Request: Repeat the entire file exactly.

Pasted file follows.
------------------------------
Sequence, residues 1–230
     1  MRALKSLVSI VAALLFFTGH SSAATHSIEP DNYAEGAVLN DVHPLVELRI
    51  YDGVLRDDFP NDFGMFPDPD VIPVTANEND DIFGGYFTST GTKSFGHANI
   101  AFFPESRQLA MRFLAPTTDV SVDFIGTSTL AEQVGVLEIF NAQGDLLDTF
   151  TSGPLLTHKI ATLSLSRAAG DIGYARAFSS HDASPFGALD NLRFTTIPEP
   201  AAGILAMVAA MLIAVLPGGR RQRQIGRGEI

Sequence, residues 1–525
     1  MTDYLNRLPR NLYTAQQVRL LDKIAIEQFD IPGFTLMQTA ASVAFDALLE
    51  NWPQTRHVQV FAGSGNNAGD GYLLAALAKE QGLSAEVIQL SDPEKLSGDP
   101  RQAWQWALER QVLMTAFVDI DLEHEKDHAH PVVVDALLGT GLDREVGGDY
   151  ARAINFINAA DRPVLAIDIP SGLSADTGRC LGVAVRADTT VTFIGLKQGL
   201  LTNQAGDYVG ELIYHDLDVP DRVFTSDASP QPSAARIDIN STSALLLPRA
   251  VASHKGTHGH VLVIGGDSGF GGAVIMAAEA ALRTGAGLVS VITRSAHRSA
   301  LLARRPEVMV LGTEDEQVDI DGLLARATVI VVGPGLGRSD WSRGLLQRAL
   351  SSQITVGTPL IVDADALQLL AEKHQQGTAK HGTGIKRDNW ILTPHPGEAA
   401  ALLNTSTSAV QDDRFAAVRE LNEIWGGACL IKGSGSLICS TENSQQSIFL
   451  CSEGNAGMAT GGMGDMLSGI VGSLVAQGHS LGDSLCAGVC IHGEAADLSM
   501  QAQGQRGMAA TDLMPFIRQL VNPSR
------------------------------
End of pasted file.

Sequence, residues 1–230
     1  MRALKSLVSI VAALLFFTGH SSAATHSIEP DNYAEGAVLN DVHPLVELRI
    51  YDGVLRDDFP NDFGMFPDPD VIPVTANEND DIFGGYFTST GTKSFGHANI
   101  AFFPESRQLA MRFLAPTTDV SVDFIGTSTL AEQVGVLEIF NAQGDLLDTF
   151  TSGPLLTHKI ATLSLSRAAG DIGYARAFSS HDASPFGALD NLRFTTIPEP
   201  AAGILAMVAA MLIAVLPGGR RQRQIGRGEI

Sequence, residues 1–525
     1  MTDYLNRLPR NLYTAQQVRL LDKIAIEQFD IPGFTLMQTA ASVAFDALLE
    51  NWPQTRHVQV FAGSGNNAGD GYLLAALAKE QGLSAEVIQL SDPEKLSGDP
   101  RQAWQWALER QVLMTAFVDI DLEHEKDHAH PVVVDALLGT GLDREVGGDY
   151  ARAINFINAA DRPVLAIDIP SGLSADTGRC LGVAVRADTT VTFIGLKQGL
   201  LTNQAGDYVG ELIYHDLDVP DRVFTSDASP QPSAARIDIN STSALLLPRA
   251  VASHKGTHGH VLVIGGDSGF GGAVIMAAEA ALRTGAGLVS VITRSAHRSA
   301  LLARRPEVMV LGTEDEQVDI DGLLARATVI VVGPGLGRSD WSRGLLQRAL
   351  SSQITVGTPL IVDADALQLL AEKHQQGTAK HGTGIKRDNW ILTPHPGEAA
   401  ALLNTSTSAV QDDRFAAVRE LNEIWGGACL IKGSGSLICS TENSQQSIFL
   451  CSEGNAGMAT GGMGDMLSGI VGSLVAQGHS LGDSLCAGVC IHGEAADLSM
   501  QAQGQRGMAA TDLMPFIRQL VNPSR